Making Up Is Hard to Do

When it comes to lipstick and the like, Texas women have gone from avoidance to “anything goes.” Which is good news for the cosmetically challenged among us.

THIS MONTH’S TOPIC IS A BEAUT: the history of makeup in Texas. Over time, Texas women have moved through five stages of cosmetological development: No Makeup, the nineteenth century’s mandate for decent women; Whoa, Makeup!, the introduction of mass-marketed lipstick and powder; Mo’ Makeup (a.k.a. Big Makeup), the essential, over-the-top complement to Big Hair; Pro Makeup, the skilled techniques mastered by models and such; and Low Makeup, the relatively natural look of the typical Texan (or the typically indifferent one, like me; I swear, I could paint my face all day long with no discernible improvement to show for the effort). Examining these five evolutionary steps should enhance our understanding of female beauty, a commodity for which the state has long been famous.

In Texas in the 1800’s, paint and powder were signs of immorality; only the likes of theater people and streetwalkers dared to wear them in public. During the first century or so of the state’s history, many males rarely saw unattached females except those of the dance-hall persuasion, and inevitably these menfolk—cowboys, farmers, roughnecks—came to like the made-up look because they associated it with sex. As Texas songwriter Chris Wall puts it in “Trashy Women,” “Too much lipstick and too much rouge/Gets me excited, leaves me feelin’ confused.” (No wonder some religious sects still ban makeup.)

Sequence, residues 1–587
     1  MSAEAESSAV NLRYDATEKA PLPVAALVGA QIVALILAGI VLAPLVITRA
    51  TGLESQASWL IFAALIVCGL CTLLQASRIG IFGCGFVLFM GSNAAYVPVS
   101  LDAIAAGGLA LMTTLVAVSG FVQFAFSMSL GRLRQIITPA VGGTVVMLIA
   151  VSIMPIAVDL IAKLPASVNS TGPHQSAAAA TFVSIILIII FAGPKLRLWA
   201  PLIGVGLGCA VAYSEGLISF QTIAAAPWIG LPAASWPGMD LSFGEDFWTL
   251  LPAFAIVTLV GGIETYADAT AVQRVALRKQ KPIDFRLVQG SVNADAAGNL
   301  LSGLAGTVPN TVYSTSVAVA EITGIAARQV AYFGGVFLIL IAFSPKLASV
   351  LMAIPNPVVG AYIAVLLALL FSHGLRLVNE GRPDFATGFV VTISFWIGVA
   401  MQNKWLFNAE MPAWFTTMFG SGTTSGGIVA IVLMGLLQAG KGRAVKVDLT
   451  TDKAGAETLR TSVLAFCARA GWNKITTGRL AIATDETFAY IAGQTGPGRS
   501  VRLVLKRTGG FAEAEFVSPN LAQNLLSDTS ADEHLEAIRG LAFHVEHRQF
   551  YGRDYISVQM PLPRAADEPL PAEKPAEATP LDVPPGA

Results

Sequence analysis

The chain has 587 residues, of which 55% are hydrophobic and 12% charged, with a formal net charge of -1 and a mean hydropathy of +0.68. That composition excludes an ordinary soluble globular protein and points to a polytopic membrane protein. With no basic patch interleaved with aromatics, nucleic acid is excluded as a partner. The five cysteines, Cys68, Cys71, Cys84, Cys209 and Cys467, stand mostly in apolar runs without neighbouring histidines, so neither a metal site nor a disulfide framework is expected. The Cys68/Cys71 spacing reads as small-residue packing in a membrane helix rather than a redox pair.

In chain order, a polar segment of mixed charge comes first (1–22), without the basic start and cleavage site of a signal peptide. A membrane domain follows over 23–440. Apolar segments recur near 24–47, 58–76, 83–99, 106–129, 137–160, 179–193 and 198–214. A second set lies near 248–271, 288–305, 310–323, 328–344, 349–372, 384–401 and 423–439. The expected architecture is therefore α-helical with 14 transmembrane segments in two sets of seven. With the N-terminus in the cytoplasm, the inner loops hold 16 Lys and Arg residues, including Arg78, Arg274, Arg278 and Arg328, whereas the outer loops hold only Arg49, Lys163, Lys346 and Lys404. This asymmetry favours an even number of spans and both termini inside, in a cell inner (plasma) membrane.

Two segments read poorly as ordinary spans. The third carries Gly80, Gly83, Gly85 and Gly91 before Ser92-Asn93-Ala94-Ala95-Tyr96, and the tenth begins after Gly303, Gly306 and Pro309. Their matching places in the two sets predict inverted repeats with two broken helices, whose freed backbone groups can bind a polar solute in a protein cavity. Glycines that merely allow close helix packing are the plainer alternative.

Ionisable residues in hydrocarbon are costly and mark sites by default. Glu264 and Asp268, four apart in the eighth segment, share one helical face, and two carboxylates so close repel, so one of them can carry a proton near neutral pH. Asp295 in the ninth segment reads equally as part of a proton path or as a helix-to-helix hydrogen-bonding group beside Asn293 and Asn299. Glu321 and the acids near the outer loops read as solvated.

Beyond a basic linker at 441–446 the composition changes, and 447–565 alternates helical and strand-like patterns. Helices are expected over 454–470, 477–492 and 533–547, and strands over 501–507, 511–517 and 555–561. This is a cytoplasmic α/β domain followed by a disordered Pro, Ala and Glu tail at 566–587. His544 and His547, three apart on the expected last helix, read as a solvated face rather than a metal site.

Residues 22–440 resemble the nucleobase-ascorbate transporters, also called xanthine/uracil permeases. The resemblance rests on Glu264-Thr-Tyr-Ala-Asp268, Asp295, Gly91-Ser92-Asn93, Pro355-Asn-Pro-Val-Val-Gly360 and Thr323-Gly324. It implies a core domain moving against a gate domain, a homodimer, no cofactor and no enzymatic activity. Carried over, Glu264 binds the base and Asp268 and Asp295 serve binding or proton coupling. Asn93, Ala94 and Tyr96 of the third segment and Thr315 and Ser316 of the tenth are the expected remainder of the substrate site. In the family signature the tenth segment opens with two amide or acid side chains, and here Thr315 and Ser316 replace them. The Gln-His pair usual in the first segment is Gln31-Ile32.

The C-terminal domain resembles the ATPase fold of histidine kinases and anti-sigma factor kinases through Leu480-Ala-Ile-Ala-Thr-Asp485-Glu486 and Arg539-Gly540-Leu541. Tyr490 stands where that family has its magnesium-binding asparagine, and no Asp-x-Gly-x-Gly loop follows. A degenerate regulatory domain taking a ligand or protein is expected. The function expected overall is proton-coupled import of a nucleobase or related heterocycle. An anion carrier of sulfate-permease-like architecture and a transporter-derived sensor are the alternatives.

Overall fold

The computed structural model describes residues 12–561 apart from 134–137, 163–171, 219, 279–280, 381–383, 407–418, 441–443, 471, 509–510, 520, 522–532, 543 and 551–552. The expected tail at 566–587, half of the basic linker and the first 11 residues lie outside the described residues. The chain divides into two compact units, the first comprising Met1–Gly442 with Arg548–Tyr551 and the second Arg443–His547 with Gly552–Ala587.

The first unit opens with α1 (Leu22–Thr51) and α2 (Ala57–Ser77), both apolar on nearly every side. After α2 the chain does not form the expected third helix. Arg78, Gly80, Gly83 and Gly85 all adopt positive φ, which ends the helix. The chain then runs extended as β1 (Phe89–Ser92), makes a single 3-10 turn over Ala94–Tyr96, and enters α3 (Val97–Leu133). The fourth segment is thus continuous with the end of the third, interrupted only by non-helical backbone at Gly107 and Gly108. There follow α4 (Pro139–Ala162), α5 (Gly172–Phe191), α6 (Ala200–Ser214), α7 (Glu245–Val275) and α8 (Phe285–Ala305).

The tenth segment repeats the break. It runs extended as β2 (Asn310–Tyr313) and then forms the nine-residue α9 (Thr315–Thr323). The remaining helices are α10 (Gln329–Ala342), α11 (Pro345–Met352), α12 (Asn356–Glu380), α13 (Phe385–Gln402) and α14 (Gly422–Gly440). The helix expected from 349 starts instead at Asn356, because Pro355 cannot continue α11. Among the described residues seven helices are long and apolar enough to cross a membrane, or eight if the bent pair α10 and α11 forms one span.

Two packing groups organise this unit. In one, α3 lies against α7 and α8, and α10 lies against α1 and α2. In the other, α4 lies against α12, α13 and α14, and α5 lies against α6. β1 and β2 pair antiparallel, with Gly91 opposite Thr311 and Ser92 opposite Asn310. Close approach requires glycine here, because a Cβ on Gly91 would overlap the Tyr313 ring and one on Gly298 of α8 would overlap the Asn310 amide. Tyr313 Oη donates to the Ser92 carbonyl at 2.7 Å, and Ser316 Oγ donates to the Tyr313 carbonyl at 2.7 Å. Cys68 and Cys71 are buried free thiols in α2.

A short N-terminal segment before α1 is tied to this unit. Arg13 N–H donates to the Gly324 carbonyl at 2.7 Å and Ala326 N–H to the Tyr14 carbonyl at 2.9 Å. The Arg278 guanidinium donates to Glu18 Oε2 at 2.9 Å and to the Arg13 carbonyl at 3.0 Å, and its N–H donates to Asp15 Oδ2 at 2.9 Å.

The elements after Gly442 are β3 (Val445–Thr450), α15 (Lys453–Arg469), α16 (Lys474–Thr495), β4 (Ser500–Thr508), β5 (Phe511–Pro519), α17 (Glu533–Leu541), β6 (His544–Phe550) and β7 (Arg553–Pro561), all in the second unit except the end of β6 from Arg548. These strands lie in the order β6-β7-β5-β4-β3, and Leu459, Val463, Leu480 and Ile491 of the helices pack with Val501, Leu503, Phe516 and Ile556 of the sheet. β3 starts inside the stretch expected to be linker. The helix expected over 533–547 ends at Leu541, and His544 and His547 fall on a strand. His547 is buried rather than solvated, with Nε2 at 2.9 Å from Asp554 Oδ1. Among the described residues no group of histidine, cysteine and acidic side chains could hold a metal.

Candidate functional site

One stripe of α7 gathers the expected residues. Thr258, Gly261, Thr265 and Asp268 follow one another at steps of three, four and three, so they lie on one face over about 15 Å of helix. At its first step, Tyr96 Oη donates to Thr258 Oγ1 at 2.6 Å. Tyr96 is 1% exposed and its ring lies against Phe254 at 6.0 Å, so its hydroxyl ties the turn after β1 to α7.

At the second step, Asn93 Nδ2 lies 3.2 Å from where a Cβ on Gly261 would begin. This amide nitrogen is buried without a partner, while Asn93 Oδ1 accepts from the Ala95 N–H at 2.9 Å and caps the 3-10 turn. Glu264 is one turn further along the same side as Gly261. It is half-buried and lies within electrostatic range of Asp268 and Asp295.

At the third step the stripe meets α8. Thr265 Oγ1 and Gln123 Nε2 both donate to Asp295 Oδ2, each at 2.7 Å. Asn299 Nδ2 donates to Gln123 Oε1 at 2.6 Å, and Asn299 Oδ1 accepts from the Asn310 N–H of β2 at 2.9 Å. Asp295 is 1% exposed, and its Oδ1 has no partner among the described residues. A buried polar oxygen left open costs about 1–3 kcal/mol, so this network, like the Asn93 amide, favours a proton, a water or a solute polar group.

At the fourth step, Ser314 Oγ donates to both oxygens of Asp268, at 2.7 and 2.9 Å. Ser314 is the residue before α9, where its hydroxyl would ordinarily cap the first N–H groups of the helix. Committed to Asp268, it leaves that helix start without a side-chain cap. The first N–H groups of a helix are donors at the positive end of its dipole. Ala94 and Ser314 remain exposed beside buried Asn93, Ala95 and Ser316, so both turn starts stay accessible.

By the beginning of World War I, innovative cosmetic products had begun to create a nationwide craze among women who were eager to emulate the glamorous stars of the emerging film industry. Theda Bara almost single-handedly popularized eye makeup; her scandalous vamp persona had a smoky-eyed scowl dependent on thick kohl and heavy mascara. A much more common attribute of early actresses was a pair of sexy red lips (which, to me, suggest sock monkeys). Consider San Antonio native Joan Crawford, who was such a lipstick junkie that one of her purses had a tube hidden in the handle to expedite touch-ups. Almost instantly, women of all ages, races, shapes, and professions came to regard lipstick as an essential part of their wardrobe. In I’ll Gather My Geese, rancher Hallie Stillwell, of Marathon, recalled that in 1918, when she was a young bride learning to work cattle, she habitually made up her face before venturing out. One morning her husband asked her dryly, “Do you think those cows will notice whether you have lipstick on or not?”

From then until the mid-sixties, a lipsticked mouth and a powdered nose were de rigueur at all times. During the

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